2. Jesus directs their attention to the fate of the prophets, God's messengers in past generations. He means to instruct the disciples that they, like Him, are in the line of the prophets, in that they are God's messengers to the world of their time. They have been chosen specifically for this purpose - to be sent to preach God's message given to them by Jesus, just as He was. After Jesus was killed, they would take His place and continue His ministry. In Matthew 16, Jesus will shock them with the assertion that in order to accomplish the purposes of God, it was necessary for Him and for all who follow after Him to take up crosses. Suffering, sacrifice, and rejection are the norm for those who truly serve as God's messengers. Christ's cross will provide the means of salvation; the disciple's cross will provide the means by which this salvation is taken to the world. Christ's cross is for propitiation; the disciple's cross is for propagation. Both crosses are needed if the message of the kingdom is to be taken into a world in rebellion to its Creator.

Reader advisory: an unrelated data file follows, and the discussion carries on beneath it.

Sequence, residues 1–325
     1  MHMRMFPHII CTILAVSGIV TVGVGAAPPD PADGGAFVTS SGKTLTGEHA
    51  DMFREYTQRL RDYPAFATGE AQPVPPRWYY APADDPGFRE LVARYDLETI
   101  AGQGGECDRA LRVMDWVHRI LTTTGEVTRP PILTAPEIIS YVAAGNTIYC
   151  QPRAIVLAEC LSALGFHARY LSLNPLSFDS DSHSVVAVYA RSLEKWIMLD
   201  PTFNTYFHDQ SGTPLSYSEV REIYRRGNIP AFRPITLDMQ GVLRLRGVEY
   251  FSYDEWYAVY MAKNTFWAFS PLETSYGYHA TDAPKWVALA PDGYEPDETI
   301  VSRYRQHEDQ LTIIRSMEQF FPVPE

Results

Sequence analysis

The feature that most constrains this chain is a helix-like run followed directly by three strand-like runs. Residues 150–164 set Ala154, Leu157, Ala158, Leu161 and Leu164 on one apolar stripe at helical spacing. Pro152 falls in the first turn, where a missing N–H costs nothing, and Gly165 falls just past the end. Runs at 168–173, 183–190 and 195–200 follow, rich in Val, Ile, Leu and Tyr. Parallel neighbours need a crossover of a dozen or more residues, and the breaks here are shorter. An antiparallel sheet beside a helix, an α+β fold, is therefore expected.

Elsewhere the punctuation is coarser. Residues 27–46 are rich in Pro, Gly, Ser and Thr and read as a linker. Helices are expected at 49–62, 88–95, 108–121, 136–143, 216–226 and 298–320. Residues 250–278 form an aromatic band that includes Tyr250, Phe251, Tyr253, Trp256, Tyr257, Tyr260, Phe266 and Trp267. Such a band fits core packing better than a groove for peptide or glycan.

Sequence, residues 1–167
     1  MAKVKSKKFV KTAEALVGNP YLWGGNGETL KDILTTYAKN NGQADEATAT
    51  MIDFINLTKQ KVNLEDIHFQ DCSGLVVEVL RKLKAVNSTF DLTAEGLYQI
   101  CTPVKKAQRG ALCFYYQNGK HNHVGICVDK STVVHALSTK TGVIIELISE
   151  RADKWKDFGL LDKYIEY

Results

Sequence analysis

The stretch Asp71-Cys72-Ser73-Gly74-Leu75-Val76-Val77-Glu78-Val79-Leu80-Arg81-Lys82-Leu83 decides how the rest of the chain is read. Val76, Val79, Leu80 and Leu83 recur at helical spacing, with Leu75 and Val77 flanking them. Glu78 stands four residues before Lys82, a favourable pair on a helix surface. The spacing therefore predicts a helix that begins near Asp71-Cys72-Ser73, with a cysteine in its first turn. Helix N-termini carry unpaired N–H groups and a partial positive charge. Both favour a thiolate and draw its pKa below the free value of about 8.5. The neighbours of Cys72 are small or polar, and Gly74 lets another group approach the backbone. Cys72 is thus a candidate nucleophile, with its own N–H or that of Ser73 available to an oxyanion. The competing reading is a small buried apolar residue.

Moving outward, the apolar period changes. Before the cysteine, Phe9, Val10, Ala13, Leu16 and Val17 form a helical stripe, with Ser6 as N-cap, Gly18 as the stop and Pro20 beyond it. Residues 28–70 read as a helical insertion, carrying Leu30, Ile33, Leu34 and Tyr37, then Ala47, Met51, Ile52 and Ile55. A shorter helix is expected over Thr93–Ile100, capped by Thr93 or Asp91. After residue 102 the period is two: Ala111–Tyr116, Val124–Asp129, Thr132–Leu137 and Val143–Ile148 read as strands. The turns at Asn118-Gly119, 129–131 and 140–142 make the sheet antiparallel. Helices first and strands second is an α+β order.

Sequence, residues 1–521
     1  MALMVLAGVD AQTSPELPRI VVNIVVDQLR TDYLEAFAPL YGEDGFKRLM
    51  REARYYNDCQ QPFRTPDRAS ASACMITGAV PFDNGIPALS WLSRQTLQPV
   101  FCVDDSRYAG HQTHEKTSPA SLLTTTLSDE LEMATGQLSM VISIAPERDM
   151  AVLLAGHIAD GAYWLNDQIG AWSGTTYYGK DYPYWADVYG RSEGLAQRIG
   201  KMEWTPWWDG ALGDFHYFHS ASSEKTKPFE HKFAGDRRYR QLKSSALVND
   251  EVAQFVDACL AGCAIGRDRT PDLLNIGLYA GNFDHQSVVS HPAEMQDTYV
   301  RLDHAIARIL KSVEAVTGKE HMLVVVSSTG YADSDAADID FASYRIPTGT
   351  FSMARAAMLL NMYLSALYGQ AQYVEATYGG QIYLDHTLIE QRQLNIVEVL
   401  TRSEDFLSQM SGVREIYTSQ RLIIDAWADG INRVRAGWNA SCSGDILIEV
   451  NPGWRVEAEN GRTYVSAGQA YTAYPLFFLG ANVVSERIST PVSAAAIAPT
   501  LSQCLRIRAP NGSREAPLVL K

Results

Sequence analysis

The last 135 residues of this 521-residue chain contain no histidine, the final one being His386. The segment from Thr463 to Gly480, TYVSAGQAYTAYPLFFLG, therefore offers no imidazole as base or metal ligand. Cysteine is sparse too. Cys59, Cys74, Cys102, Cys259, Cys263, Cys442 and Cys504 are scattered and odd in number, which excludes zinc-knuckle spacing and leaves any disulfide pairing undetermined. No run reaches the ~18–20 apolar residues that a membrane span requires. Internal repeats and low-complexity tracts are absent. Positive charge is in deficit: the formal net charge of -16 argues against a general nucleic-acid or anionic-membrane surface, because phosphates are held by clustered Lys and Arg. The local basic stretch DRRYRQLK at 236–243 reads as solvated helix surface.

3. The disciples are not only to stoically accept the evil done to them by others, but they are to rejoice and be glad. Later in verses 39,44,45, they are instructed to love those who persecute them. As witnesses, their role was to bring the persecutors to God and to salvation. The persecuted are to be in service to those who cause them the suffering. Just as the Father gives light and rain to those who revile Him and refuse to love Him, so are His children to bring blessings to those who curse them, seeking the good for those who seek only to do them harm.
4. There are tremendous past, present, and future promises that the persecuted can lay hold of. In verse 10, persecuted disciples are assured that they are possessors of the kingdom of heaven, just as the "poor in spirit" were (verse 3). The parallel between the two is not accidental. The "poor in spirit" are those to whom the message of the gospel has been preached by the Servant of God (see Isaiah 61:1).